The opinion of the court was delivered by: WEINFELD
This action was commenced by the filing of a libel in rem against an Argentine merchant vessel to recover for alleged shortage of, and damage to, a shipment of rice carried on the vessel from Brazil to Indonesia. The claimant-respondent moves to dismiss the libel upon two grounds: (1) that the claim is time-barred by agreement between the parties; and (2) in any event, jurisdiction should be declined by this Court under the doctrine of forum non conveniens.
The bill of lading under which the shipment was made expressly incorporated all the provisions of a charter party 'including the Arbitration clause.' The clause so made part of the bill of lading provided for arbitration of all disputes arising out of the contract, in London, subject to the following conditions: 'Any claim must be made in writing and Claimant's Arbitrator appointed within three months of final discharge (of cargo) and where this provision is not complied with, the claim shall be deemed to be waived and absolutely barred.'
The vessel was discharged on or before March 1, 1952, and no claim was made until June 6, 1952. Thus it is undisputed that the libelant failed to initiate arbitration within the three month period prescribed in the arbitration clause. Indeed, the libelant applied to the High Court of Justice, Queens Bench Division, pursuant to the English Arbitration Act of 1950 for an extension of time for making a claim and for the appointment of an arbitrator. The basis of the application was alleged undue hardship upon libelant, relief therefrom being authorized under the English Act.
After hearing the parties the Court on April 17, 1953, rendered judgment refusing the application, and no appeal was taken therefrom within the required time. Relying on this failure of the libelant to invoke arbitration within the time limited, the claimant asserts that the libelant's cause of action has 'by agreement of the parties, been waived and is barred.'
The libelant acknowledges that neither the Carriage of Goods by Sea Act of 1936, 46 U.S.C.A. § 1300 et seq., nor the comparable Hague Rules Convention applies to the shipment in question. Nonetheless, it urges that any agreement providing for a lessor period than one year for suit by a cargo owner after delivery of the goods or the date when the goods should have been delivered is void as against the public policy of our country, as evidenced by Sec. 1303(6) of 46 U.S.C.A.
This contention cannot be upheld. Though the latter section prescribes a one year limitation period, it is not to be construed as the declaration of a broad policy which necessarily condemns as void a shorter limitation period in those situations which are not governed by its provisions.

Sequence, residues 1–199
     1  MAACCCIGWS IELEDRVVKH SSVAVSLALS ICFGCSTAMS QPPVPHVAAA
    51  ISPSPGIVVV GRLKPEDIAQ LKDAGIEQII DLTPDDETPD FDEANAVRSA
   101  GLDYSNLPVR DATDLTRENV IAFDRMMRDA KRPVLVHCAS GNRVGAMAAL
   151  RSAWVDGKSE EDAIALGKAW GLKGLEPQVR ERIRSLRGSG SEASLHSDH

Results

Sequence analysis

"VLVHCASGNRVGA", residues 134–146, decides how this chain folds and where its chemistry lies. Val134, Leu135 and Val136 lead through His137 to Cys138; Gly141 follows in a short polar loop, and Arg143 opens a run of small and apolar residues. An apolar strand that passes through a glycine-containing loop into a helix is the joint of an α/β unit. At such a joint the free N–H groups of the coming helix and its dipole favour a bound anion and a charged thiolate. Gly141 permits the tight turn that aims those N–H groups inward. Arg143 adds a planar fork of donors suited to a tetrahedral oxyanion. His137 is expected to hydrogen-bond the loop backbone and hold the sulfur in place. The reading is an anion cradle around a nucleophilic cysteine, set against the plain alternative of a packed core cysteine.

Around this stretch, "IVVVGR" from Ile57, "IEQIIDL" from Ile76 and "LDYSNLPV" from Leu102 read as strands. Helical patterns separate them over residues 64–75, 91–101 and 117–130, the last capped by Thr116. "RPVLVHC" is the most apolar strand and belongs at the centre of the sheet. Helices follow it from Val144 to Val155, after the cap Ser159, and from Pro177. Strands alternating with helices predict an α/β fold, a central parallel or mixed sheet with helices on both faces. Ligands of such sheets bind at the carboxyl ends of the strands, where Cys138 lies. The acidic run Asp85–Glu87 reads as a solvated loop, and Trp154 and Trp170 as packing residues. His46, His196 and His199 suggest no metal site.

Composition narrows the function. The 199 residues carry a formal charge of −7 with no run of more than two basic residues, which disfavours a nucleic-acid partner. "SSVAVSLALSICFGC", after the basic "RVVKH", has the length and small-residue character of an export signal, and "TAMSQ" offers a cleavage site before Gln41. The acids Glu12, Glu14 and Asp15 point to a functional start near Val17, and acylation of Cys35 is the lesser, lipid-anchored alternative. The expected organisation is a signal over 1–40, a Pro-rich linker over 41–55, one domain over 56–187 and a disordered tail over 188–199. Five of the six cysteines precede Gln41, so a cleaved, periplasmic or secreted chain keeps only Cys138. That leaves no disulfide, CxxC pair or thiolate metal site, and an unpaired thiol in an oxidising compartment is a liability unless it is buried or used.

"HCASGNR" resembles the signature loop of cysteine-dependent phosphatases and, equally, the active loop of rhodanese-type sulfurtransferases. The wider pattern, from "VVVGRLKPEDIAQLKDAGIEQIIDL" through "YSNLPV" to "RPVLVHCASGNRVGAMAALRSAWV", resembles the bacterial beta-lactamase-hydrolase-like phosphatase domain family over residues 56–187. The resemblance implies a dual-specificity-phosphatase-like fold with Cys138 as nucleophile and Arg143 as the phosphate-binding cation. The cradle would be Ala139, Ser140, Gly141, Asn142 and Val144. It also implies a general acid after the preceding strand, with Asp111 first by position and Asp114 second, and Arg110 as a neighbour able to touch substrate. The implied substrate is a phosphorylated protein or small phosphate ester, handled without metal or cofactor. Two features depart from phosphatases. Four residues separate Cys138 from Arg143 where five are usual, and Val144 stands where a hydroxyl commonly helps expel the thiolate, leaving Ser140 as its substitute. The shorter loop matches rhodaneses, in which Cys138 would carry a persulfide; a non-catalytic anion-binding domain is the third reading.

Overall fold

The essential question is whether upon all the facts the time prescribed in the bill of lading is reasonable. A three months limitation period for bringing suit was upheld in Schnell v. United States, 2 Cir., 30 F.2d 676. True, that case was decided before the enactment of the Carriage of Goods by Sea Act, but that Act does not reflect a general policy so extensive as to embrace those situations to which it is not applicable. Accordingly, I regard Schnell v. United States, supra, as authority for the validity of the three months limitation contained in the current bill of lading. Furthermore, implicit in the English Court's denial of the application for an extension of time is that it regarded the prescribed limitation as reasonable upon all the facts.
It follows that the limitation may not be condemned as unreasonable. There is no sound reason why such a limitation, if valid as against the maintenance of a suit, should not equally be upheld as to arbitration. The bill of lading expressly declares that if the provision is not complied with, the claim is deemed 'waived and absolutely barred.' It is part of the arbitration clause itself and this clause must be accorded the same effect as any other provision of the contract. Son Shipping Co. v. DeFosse & Tanghe, 2 Cir., 199 F.2d 687. In the latter case there is a clear implication that the parties may by agreement expressly limit the time within which arbitration may be demanded. They have done so here, and the time prescribed being reasonable, their agreement is valid and should be upheld. Since libelant no longer has an enforceable claim, the libel is dismissed.
The foregoing disposition makes it unnecessary to consider the alternative motion that the Court decline jurisdiction under the doctrine of forum non conveniens, although it must be said in passing that upon the facts it appears to have much merit.
Libelant's standing becomes even more doubtful when it is recalled that it has already sought unsuccessfully to overcome the time limitation in the Courts of England, the forum in which the arbitration itself was to be held.